Business

A sweet idea that created a $40m business

Tara Bosch Image copyright Smart Sweets
Image caption Tara developed her sweets after she gave up eating sugar

The BBC's weekly The Boss series profiles different business leaders from around the world. This week we speak to Tara Bosch, the founder and chief executive of low-sugar sweets business Smart Sweets.

Tara Bosch describes herself as a former "sugar addict".

"I would be the person at the 7-11 every day, buying the penny candy," says the 25-year-old. "But as I got older, I realised how much sugar was affecting my body image, my self-esteem, and just how I felt about myself."

So four years ago, fed up with how unhappy and unhealthy she was feeling, Tara stopped eating sugar. She says that she very quickly felt much better, but missing her sweets she decided to have a go at making her own no-added sugar alternatives in her kitchen in Vancouver, Canada.

Testing recipes in the summer of 2015, she described it as "going on a quest". Eventually she was so pleased with her results that she thought there might be a business opportunity.

Image copyright Smart Sweets
Image caption The business is planning to expand outside of North America

That autumn she decided to take a leap of faith, and put this to the test. Tara dropped out of the third year of an arts degree at the University of British Columbia, so she could get the product off the ground.

Just 21 at the time, she had limited credit history, and her only asset was a six-year-old small Honda car. But armed with samples and confidence, she managed to secure 105,000 Canadian dollars of funding.

Today, her Vancouver-based company, Smart Sweets, is on track to see its 2019 revenues exceed CA$50m ($40m; £30m). Its range of products are market leaders in the fast-growing low-sugar sweets sector in both Canada and the US.

"This year we are helping people kick more than one billion grams of sugar," she says.

Image copyright Tara Bosch
Image caption Tara says that her grandmother's own battles with sugar was another inspiration behind the business

To secure the initial investment Tara had to write an intensive business plan, with detailed two-year growth forecasting. And somewhat unnervingly, she had to take out life insurance. "One of the terms of the parties involved was life insurance, and they had to be the beneficiary," she says.

Sugar-free or not?

If you're looking to cut down on your sugar intake but have a sweet tooth, then sugar-free sweets can be better than the regular sweets, say dieticians. But they may still contain carbohydrates, and some can contain significant calories and be high in saturated or trans-fats.

"Keep in mind that just because a product is 'sugar free' it doesn't always mean that it's healthy," says the American Heart Association.

Some studies also suggest that certain zero-calorie sweeteners may also stimulate appetite, which can be counterproductive for those trying to limit their calorie intake.

With the funded secured, Tara searched on the internet for potential suppliers and manufacturers, and worked on finalising her recipes.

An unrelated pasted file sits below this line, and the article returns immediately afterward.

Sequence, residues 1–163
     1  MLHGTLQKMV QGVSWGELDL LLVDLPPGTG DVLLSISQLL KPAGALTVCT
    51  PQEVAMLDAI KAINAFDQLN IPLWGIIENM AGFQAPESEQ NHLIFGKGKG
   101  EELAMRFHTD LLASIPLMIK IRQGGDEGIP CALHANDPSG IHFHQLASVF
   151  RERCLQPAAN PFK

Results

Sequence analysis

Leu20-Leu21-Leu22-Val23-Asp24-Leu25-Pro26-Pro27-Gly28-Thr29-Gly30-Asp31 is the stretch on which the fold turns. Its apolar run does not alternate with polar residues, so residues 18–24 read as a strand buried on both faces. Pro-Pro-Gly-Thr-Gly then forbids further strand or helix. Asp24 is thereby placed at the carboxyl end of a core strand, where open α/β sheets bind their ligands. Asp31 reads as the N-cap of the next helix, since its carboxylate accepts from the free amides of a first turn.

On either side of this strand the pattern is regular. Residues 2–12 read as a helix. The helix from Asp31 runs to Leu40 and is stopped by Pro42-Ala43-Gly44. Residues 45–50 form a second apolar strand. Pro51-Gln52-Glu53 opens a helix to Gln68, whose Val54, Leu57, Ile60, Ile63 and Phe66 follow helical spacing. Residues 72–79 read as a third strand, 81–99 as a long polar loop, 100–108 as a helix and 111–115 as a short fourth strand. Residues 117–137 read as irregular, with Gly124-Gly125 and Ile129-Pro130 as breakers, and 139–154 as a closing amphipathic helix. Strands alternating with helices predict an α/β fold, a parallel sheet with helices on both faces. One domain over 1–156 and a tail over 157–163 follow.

"It soon became a trial and error of taking every single iteration that didn't work, and applying a new hypothesis, and then testing it again." she says.

Tara settled on using plant-based fibres, and the natural sweetener stevia, to mimic the taste and texture of traditional sugared sweets.

Then to secure her first customers she used a mixture of emailing, telephoning, showing up in person, and, she says, "Linkedin-ing". The first retailer to sign up was Vancouver-based Choices Market, and Tara remembers that she was incredibly nervous ahead of the first meeting.

"I had called and emailed with persistence, until they finally said stop by," she says. "And when I arrived out front, I was so nervous that I drove away.

"Then I drove back, had the meeting, and they became the first retailer to take a chance on Smart Sweets."

Image copyright Smart Sweets
Image caption The company employs 47 people

A few other small Canadian chains followed shortly afterwards. "Like I said, it's about persistence," she says. "I would email and show up until a business would say yes to a conversation, and from there I leveraged the success."

Tara secured her first American customers in 2018, and the US now accounts for 80% of Smart Sweets' sales. The manufacturing of the sweets also takes place in the US through contract suppliers.

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US food entrepreneur and strategist Scott Semel says he is impressed by Tara's "passion".

"An annual revenue of CA$50m is very successful," says Mr Semel, who in 2016 sold his best-selling confectionary brand Bark Thins to US giant Hershey.

"Just getting to $5m isn't easy, and confectionary is dominated by a few big players. I think what's even more impressive about doing CA$50m in 2019 is the time frame in which she has achieved it.

"Tara has a great feel for the market... she thinks far ahead."

Image copyright Smart Sweets
Image caption Tara says that she previously didn't think she had any talents

Now with 47 employees, Tara plans to start exporting Smart Sweets outside of North America. She says that the success of the company has come through hard work and determination.

"For me growing up, I wasn't that smart or athletic," she says. "I didn't really have any talents in particular, but I always had an innate sense of urgency, resourcefulness, and the ability to make something happen if I decided I wanted to make it happen.

"Smart Sweets was the first time I realised the power of those three things combined."